Sailors Grave Brewing is a business ready to reinvigorate the landscape of Orbost by bringing one of its dead artefacts, the butter factory, back to life.
To do so, they have gone through hell, and now, high water, as they work to finish on schedule amid widespread flooding with water equally as high as the flood in 1950 when the Snowy River Mail called in a fortnight ago.
Regardless, the work goes on, with no rest for the weary duo of Chris and Gabbie Moore as they continue to assemble their brewery, piece by piece.
The recent addition of vats have started that process, turning what had been an enormous project into a building with enormous potential.
“There are so many different approaches to everything,” Chris remarked. “Everything from hygiene to fermentation.
“Like with barrel aging, there’s a lot of people … breweries in general, are scared of them contaminating their mainstream beers.
“You go to Lost Abbey, and all their barrel room is mixed. They’re not worried about it. They concentrate instead on their lab.
“You can come at it any way, and that was a big lesson, you just have to think everything through, whatever decision you make.”
The self-imposed deadline for opening is fast approaching, with the beginning of August acting as the line in the sand, but after years of planning and months of reconstruction Chris and Gabbie can finally see the finish line.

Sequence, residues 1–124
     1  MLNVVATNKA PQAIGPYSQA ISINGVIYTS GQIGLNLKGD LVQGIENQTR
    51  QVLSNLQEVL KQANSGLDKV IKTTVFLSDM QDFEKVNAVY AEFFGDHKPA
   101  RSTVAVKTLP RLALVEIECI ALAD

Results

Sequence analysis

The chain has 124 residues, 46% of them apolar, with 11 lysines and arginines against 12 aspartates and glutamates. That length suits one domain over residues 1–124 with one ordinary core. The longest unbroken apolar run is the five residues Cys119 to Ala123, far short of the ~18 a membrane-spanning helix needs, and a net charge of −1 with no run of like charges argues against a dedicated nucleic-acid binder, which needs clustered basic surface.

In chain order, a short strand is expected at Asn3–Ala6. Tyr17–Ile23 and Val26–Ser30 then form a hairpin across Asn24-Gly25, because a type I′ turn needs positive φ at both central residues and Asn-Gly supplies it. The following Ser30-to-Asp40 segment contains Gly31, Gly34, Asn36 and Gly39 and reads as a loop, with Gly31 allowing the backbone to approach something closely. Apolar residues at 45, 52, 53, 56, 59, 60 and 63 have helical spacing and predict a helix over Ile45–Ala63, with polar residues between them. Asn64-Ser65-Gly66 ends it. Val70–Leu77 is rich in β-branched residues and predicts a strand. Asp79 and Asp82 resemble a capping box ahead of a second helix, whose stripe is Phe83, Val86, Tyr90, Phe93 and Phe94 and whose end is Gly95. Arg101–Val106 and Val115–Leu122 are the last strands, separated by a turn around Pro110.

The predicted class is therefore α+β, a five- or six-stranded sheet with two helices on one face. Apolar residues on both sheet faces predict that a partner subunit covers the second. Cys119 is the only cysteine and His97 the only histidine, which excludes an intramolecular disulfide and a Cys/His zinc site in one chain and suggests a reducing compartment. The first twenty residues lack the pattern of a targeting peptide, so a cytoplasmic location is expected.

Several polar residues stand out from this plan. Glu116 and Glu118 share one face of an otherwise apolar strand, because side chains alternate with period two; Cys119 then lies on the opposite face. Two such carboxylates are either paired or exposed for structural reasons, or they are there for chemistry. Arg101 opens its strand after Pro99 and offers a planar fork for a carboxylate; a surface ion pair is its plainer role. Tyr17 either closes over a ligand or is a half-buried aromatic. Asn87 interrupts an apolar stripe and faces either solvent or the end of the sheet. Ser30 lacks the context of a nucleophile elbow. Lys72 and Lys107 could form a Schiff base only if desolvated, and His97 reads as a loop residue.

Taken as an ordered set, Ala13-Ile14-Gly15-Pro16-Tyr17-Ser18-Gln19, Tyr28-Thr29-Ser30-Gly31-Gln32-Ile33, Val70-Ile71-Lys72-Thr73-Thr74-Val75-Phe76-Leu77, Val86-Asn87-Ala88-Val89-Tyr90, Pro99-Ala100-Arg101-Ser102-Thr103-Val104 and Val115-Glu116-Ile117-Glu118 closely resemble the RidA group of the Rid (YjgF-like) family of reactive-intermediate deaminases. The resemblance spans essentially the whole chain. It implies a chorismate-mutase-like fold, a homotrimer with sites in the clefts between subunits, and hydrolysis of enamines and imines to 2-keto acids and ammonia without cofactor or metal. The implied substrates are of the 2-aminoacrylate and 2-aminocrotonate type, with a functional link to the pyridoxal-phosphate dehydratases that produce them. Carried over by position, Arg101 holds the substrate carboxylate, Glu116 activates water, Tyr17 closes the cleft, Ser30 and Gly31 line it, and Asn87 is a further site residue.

This journey started long ago for them, with a simple question after selling their restaurant and bar in Sydney.
The question, “what’s next,” from Chris to Gabbie, was answered in short.
“Why not start a brewery? We love beer,” she said, and along they went.
The previous endeavour made this jump seem logical, as their establishment in Sydney was known as a craft beer venue. A place they served beers off the beaten track, but a ‘tapography’ that is far less impressive to them looking back.
“During that time … we stocked Murray’s and Lord Nelson and a few others,” Chris said.
“If you looked at that place now you would go, ‘oh, that’s not really a craft beer venue’.
“But then, it was seen as that.
“It is amazing how much has changed in, sort of, seven years since then.”
This trip has taken them around the world, spending three months circling the United States in search of inspiration, and possibly some guidance, but what had begun with that simple answer has now come full circle. They now look to put what they learned to practice.
Beer is more than a tool to render inebriation, and for those involved enough to create it from scratch the ulterior motives are clear.
For Sailors Grave’s Chris and Gabbie, the ultimate endgame is obvious in that regard. They seek to create something profound, something that will bring people and their community together in a number of ways.
“Orbost is an old ‘timber town’,” Chris said.
“That’s obviously died off, because logging is no longer seen as a sustainable industry.
“The council plans for the area are more to do with retirement, as a retirement kind of village.
“We feel that towns like this will be revitalised if young people want to stay, and if there’s jobs and interesting things for people to come and see.
“We are not trying to be flag bearers, but we just hope that we are a part of that change.”
Now, on the cusp of the fun part of their job, brewing, they continue to keep things in perspective, but never shy away from what they would love for the future.
“We are right next to the Snowy River, we’ve got a great park right there … I would love to see, one day, that this is like a real hub in the town, but that is a long way down the track,” Gabbie said.
“We need to do our job first and make a great brewery, and hopefully all that will follow.”